Oc­to­ber 2000

Exclaim! - - SHOTS - JAMES KEAST

CHRON­I­CLE OF THE LIF­ERS

One of the uni­fy­ing threads of the Canadian mu­sic scene are the “lif­ers” — artists whose ded­i­ca­tion to art and mu­sic means they’re still at it, even 17 years later. In this is­sue alone, Sarah Harmer an­swered our Ques­tion­naire (then 20 Ques­tions); At the Drive-In were pro­filed for their new al­bum The Re­la­tion­ship of Com­mand; Ryan Adams struck out from his band Whiskey­town and launched a pro­lific solo ca­reer; we cel­e­brated the ten-year an­niver­sary of pi­o­neer­ing elec­tronic la­bel Ninja Tune; and we re­viewed Peaches’ de­but Teaches of Peaches.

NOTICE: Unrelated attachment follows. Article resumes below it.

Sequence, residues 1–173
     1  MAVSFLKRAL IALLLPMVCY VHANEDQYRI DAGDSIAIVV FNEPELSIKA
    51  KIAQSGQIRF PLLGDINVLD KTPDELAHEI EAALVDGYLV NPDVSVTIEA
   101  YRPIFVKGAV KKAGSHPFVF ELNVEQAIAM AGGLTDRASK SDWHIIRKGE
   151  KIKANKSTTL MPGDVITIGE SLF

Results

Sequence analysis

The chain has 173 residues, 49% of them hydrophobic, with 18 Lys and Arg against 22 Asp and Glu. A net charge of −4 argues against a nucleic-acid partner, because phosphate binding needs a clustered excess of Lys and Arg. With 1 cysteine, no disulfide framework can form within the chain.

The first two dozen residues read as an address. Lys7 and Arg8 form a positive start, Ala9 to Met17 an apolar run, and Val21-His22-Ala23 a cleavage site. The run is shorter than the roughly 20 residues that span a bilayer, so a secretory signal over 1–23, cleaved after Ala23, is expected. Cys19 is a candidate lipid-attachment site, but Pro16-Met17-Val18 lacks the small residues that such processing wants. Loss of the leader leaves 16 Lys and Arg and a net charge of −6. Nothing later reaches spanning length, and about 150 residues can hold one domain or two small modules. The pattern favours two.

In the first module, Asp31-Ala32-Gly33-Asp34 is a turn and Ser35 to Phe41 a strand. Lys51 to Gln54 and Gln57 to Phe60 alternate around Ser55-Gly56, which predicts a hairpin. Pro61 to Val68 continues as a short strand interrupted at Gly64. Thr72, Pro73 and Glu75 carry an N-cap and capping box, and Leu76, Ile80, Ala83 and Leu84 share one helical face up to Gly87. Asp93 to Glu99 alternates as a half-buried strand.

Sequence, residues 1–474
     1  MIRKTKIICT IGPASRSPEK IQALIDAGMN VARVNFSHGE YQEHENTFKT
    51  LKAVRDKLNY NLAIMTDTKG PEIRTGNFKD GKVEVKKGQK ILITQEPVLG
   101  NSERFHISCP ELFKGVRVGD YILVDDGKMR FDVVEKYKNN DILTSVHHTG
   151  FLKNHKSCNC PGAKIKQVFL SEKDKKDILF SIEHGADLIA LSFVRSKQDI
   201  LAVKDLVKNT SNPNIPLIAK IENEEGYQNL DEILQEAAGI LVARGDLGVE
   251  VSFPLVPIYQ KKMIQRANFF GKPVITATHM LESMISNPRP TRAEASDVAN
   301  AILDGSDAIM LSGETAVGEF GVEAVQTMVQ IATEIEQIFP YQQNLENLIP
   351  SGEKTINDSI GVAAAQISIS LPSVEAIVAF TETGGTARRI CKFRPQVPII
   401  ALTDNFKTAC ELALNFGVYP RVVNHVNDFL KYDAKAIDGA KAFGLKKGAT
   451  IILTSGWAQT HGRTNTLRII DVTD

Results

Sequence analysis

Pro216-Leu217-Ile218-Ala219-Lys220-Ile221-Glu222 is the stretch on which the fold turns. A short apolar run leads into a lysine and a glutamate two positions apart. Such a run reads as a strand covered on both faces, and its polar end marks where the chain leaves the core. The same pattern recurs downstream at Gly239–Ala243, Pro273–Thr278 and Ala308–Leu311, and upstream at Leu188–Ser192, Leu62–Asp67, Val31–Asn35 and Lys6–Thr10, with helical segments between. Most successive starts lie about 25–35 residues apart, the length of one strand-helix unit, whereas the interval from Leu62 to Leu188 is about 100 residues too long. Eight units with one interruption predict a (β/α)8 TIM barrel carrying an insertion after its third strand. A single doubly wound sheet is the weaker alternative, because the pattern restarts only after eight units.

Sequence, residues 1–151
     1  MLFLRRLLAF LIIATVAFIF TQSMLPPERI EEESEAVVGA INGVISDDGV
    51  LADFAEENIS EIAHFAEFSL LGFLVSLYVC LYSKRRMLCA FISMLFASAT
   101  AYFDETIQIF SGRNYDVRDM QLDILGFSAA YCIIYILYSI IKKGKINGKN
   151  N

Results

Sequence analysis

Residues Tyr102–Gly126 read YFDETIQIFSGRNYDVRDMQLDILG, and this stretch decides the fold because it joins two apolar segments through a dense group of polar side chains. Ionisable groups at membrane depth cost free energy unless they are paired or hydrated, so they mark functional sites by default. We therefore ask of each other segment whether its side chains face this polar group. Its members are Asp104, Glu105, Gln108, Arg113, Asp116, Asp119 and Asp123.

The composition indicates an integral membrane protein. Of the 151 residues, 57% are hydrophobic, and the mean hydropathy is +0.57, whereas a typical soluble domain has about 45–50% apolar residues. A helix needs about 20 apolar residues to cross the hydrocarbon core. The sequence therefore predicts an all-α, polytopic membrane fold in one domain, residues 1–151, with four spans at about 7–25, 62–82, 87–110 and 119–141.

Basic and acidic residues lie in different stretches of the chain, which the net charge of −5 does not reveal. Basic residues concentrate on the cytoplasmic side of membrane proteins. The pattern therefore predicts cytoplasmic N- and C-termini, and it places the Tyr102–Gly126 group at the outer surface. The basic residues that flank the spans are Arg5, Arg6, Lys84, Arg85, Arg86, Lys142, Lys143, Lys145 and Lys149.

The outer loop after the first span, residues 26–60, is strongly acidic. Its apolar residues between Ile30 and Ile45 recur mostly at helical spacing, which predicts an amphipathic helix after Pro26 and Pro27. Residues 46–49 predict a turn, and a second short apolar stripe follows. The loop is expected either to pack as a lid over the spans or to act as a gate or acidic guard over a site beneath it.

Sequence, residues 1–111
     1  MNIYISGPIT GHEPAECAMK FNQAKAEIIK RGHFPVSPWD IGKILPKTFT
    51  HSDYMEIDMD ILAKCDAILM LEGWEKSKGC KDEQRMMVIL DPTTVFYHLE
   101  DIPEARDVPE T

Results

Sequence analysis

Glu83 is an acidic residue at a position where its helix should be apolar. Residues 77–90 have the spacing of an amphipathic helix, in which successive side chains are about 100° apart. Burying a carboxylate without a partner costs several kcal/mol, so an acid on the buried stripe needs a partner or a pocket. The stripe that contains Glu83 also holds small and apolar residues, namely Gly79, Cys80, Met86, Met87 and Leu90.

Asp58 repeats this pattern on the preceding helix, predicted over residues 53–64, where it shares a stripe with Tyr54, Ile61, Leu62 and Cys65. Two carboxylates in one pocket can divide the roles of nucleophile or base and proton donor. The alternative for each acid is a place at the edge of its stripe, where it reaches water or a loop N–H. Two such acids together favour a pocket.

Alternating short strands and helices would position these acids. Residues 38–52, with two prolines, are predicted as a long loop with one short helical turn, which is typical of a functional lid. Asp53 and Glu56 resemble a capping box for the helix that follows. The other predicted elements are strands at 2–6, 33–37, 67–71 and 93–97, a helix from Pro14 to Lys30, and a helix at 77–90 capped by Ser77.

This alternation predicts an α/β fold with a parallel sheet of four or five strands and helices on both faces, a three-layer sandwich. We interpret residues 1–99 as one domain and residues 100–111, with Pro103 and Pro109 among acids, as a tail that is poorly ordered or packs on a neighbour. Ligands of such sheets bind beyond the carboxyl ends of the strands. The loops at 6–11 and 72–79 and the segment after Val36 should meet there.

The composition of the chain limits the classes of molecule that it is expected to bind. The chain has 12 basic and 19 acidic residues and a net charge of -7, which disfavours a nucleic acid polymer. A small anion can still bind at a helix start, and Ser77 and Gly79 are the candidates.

TURNS OUT NO

Af­ter we pub­lished an ex­am­i­na­tion of the rise of file-shar­ing ser­vice Nap­ster, one reader wrote in to say “The record­ing in­dus­try will eas­ily sur­vive this new elec­tronic me­dia. The sim­ple fear of los­ing a few dol­lars is much too nar­row­minded a view to have.” An­other reader weighed in with “Show me one artist who has been made poor by Nap­ster. If free ac­cess will de­stroy the mu­sic in­dus­try, why hasn’t Ran­dom House burned down li­braries?”

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